Art Industry News: Barbara Kruger Has Designed Profound MetroCards for NYC + More Must-Read Stories
Plus, hackers target high-end art galleries and the recovered Banco Santos art trove heads to Sotheby's.
Art Industry News is a daily digest of the most consequential developments coming out of the art world and art market. Here’s what you need to know this Tuesday, October 31.
The New “Golden Age” of Black Portraiture – Antwaun Sargent notes that the Obamas’ selection of two African American artists for their official portraits “confirmed what we already knew: We have entered a new golden age of black painting.” A new generation of artists, including Jordan Casteel, Mario Moore, and Njideka Akunyili Crosby, are following in the footsteps of ’60s pioneers. (W Magazine)
Barbara Kruger Has Designed NYC MetroCards – Finally, New York’s Metropolitan Transit Authority is doing something right. The MTA will release 50,000 limited edition MetroCards designed by Kruger at four stations during Performa, which begins tomorrow. The New York- and LA-based artist’s work will also appear on a school bus and beneath the Manhattan Bridge. (New York Times)
Galleries Hit by Cyber Crime – Hackers have managed to steal large sums from galleries and their clients by intercepting invoices and rerouting payments. At least nine galleries including Hauser & Wirth, Simon Lee, Thomas Dane, and Laura Bartlett have been targeted—but an insurance broker suspects “the problem is a lot worse than we imagine.” (The Art Newspaper)
Cave Art Found in Caribbean – Archaeologists have discovered thousands of previously unknown paintings and drawings by the Tainos people, a long-lost civilization from the 14th century. The art adorns 30 caves on the uninhabited Caribbean island of Mona, which is midway between Puerto Rico and the Dominican Republic. (Independent)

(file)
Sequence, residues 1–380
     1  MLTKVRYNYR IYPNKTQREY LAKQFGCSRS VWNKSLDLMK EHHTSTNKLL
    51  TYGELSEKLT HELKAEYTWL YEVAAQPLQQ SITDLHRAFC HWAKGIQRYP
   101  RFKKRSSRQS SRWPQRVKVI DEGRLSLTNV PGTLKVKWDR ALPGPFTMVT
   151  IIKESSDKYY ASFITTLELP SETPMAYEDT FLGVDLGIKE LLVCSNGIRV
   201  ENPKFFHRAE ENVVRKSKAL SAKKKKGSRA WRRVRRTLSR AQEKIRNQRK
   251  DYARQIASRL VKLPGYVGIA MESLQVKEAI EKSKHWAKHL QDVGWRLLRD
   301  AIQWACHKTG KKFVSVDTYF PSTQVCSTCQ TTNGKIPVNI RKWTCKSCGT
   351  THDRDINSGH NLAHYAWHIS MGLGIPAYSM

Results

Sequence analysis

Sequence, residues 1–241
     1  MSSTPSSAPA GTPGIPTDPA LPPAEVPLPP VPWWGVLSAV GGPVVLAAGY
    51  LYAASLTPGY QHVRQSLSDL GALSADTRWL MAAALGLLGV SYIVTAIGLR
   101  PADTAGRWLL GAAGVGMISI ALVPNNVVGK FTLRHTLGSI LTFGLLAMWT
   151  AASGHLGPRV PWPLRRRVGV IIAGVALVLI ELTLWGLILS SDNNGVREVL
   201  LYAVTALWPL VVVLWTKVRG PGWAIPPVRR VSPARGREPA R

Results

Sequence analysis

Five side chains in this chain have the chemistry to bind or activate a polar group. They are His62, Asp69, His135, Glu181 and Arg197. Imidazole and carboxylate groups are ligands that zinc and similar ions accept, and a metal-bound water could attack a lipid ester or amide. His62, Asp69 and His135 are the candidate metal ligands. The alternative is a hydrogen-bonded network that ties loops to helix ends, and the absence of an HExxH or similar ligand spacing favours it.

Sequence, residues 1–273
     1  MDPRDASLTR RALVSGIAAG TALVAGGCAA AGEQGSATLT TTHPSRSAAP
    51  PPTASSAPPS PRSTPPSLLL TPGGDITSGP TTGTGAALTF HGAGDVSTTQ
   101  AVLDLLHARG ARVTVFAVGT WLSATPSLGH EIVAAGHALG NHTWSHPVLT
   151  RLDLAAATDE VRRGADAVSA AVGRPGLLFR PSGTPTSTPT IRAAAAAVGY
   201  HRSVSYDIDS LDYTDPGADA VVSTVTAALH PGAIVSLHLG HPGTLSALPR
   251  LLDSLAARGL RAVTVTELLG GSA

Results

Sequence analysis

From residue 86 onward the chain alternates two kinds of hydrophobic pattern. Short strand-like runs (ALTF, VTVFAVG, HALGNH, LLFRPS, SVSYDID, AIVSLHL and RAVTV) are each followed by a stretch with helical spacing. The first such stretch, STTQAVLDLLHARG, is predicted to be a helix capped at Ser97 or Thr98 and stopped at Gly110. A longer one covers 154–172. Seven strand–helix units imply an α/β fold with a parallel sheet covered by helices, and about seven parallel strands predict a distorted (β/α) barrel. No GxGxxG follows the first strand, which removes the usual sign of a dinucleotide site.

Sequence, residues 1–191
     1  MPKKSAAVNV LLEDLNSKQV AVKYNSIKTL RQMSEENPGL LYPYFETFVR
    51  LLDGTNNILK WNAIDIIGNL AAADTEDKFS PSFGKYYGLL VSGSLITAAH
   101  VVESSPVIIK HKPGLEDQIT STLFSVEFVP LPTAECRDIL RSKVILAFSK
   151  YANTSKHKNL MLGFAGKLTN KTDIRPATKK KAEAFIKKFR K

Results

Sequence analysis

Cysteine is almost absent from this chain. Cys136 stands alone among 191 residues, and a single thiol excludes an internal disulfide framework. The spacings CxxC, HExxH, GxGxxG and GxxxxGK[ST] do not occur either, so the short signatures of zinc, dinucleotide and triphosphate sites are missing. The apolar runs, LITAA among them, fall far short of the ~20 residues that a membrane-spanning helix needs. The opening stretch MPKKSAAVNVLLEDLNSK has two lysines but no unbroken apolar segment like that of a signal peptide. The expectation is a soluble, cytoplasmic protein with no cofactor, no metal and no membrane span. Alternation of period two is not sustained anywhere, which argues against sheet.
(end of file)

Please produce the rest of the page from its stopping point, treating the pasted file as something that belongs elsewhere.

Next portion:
Disgraced Banker’s Art Heads to Auction – A trove of missing art that once belonged to Brazilian financier Edemar Cid Ferreira and was later seized by US authorities is now heading to Sotheby’s. The disgraced former president of Banco Santos was arrested in 2006 for an alleged $1 billion money-laundering scheme. (Wall Street Journal)
Nevinson’s WWI Painting Could Fetch $1.3 Million – A painting of French soldiers on the Western Front painted by the British Vorticist CRW Nevinson could sell for more than £1 million ($1.3 million) at Sotheby’s London on November 21. The work has been in a private collection since 1964; it was first shown during the war at a solo show in 1916. (TAN)
Africa’s Art Fairs Are Poised to Explode – While parts of Europe and the US are experiencing art-fair fatigue, Africa is just getting started. Organizers of Art X Lagos, Nigeria’s leading art fair, which opens this week, aim to attract local and international attention and guard against a “brain drain” that has been pushing talent out of the country. (Quartz)